The size of the pen compensates a bit for its light weight and while I did find my grip tightening at times it wasn’t as bad as thinner pens. I wrote for about 30 minutes with only minor fatigue. By way of comparison, I can use a heavier pen like the Karas Ink or Visconti Homo Sapien for hours without fatigue.

The cap takes two complete rotations to remove (or put back) so this isn’t a pen I’d pick when I expect to be capping and uncapping and lot. Two rotations translates to about four flicks of my hand to remove the cap. I used a Monteverde black cartridge (supplied with the pen) and was able to leave the pen uncapped for several minutes without the ink evaporating from the nib.

Speaking of the nib – it’s a Bock nib. Mine wasn’t engraved with a size. Whatever the official size this does fall into the “I like it” nib size and I figure it’s a medium. The nib was nice and smooth so no complaints there. Mine was a steel nib but titanium and 14K gold are available for an added cost.

I didn’t do a lot of research but I did come across some discussion about the pen capsule that’s included with the Decograph. (The Decograph line, while new, has been around for a couple of months.) Some where complaining it was done to add to the cost of the pen. I’ve no doubt that the capsule is more expensive than a cardboard box so it must certainly add to the manufacturing cost. Either they pass it along in the price or let it eat into their margins. If it’s so expensive that the pen becomes overpriced then it’s a problem. I’m not a fan of elaborate packaging and attach no value to it when I’m deciding if the pen is worth the cost. But let’s face it, nice packaging gives a good first impression. This one is also functional in that if provides great protection for the pen in addition to providing a good first impression.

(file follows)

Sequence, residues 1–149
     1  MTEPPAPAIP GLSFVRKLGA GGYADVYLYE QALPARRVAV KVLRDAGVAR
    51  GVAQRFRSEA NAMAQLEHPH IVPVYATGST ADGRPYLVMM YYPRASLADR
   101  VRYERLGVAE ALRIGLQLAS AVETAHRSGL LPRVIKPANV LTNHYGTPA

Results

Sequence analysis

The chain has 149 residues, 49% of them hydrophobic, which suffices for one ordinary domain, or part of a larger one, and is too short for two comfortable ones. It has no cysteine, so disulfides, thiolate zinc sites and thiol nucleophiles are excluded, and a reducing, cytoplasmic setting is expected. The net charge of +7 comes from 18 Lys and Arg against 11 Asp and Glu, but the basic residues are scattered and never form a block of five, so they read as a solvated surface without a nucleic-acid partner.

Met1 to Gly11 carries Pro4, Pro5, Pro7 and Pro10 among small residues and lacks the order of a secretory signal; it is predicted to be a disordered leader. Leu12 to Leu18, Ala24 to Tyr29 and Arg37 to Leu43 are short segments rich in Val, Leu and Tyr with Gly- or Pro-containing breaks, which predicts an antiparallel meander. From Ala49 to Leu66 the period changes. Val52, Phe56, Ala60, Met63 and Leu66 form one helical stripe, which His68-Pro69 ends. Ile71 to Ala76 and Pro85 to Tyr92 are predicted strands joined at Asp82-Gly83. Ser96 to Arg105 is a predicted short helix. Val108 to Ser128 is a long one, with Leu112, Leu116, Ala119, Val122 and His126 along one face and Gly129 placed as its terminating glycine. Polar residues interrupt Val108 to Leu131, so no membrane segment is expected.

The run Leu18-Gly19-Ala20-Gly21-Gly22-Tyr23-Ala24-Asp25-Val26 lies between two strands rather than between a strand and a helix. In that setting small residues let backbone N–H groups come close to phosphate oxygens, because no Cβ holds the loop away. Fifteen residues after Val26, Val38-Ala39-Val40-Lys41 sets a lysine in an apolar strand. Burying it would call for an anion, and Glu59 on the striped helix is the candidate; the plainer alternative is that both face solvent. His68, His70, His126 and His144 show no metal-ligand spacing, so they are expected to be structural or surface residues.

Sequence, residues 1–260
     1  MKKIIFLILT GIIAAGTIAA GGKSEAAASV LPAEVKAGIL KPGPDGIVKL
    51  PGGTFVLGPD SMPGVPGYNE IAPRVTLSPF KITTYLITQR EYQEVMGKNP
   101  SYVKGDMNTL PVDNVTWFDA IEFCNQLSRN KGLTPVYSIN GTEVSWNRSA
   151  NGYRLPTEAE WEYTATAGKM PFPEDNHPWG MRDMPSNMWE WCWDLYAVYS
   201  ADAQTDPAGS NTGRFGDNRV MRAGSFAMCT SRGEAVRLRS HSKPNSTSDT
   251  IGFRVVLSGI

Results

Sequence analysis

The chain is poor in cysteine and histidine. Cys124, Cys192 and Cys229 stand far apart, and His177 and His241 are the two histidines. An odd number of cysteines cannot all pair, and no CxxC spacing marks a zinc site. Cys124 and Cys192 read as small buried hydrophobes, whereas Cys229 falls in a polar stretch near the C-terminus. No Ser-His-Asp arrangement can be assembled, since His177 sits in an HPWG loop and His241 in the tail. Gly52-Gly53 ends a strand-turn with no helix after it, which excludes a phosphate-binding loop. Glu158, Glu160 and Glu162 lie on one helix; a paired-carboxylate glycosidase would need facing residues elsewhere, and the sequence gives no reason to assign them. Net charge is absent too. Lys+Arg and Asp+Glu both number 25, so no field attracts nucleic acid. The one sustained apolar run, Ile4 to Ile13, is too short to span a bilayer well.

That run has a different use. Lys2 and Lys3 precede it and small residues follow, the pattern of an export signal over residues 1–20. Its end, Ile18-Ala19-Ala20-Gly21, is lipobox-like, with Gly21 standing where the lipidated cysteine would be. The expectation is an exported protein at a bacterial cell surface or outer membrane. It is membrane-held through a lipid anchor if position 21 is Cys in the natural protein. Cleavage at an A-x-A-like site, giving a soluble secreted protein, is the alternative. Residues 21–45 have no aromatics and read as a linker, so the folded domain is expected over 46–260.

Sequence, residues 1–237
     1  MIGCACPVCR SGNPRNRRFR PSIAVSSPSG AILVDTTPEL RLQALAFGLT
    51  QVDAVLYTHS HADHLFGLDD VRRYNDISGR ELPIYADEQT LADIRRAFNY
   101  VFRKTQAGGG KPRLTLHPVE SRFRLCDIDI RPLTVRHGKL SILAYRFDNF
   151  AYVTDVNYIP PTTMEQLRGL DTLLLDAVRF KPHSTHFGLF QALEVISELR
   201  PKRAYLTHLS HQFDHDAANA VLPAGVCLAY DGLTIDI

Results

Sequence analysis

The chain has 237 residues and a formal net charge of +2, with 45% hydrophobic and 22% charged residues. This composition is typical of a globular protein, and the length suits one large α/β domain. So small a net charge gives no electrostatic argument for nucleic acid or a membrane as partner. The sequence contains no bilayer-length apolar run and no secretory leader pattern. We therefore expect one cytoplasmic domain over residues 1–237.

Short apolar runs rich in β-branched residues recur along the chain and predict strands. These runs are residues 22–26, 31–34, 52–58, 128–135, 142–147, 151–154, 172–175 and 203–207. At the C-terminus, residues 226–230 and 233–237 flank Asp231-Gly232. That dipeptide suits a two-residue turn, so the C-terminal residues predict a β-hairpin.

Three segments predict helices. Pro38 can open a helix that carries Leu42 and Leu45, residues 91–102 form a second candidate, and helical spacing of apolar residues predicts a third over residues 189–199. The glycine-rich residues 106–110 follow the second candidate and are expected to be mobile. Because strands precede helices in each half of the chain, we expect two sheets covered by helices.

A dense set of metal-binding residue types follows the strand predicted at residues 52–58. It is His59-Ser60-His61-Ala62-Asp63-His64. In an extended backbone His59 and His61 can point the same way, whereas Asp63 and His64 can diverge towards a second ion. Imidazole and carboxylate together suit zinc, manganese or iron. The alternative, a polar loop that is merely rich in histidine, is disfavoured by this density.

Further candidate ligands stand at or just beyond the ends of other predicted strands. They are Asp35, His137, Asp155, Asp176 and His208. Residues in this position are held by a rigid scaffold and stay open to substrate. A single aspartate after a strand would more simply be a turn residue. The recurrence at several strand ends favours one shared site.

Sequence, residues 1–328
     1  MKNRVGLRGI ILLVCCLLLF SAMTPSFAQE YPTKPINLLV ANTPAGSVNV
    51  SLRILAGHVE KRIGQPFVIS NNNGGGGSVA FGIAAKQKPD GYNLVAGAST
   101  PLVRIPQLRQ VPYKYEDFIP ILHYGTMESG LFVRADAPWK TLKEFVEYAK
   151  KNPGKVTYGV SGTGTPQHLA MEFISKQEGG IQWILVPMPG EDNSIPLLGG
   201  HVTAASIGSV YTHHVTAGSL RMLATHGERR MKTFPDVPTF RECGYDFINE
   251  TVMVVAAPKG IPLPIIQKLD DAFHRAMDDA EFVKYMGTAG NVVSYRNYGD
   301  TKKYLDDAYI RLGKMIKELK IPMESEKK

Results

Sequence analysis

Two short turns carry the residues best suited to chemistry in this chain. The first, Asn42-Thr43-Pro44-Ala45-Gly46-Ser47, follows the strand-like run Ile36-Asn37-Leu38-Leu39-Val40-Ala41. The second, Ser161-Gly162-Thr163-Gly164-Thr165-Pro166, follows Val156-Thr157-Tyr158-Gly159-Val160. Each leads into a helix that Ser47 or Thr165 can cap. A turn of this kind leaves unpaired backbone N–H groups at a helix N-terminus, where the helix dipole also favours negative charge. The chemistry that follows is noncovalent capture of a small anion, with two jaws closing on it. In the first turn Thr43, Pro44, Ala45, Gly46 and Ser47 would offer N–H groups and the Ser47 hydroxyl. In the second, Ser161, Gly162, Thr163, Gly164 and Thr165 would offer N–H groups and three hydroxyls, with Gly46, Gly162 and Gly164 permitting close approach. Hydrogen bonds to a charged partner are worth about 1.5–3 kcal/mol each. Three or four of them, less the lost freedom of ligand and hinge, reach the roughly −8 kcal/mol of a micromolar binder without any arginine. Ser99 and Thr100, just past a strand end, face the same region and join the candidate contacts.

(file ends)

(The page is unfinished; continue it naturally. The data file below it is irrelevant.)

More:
Karas Pen Co. Decograph 1702 Elektron - Capped

So the question is: is the pen worth $165? First, while this pen is a limited edition (Karas calls is a Special Edition, but also say it will be only 60 pens) it is the same price as the regular production Durograph. So kudos to Karas for no “Limited/Special” price bump. I consider these similar to Edison Pens production line pens, machined pens with nice acrylics. The Decograph has a little more metal trim than the typical Edison. The Edison pens are about $15 less but these are competitive. I consider $165 to be a far price for the pen without attaching any value to the pen capsule.

The Decograph 1702 will be available November 15th with pricing starting at $165. The reviewer’s pens are not part of the 60 which will have different engraving than the one pictured here. The production pens will also be engraved on the barrel and have serial numbers on the nibs. Nibs are available in steel, titanium and gold in a range of sizes including a couple wide stubs. Some nib options (titanium & gold) will increase the cost. The metal pen capsule is included as are five Monteverde Black cartridges and a converter. The pen uses standard international cartridges and converters.

Summary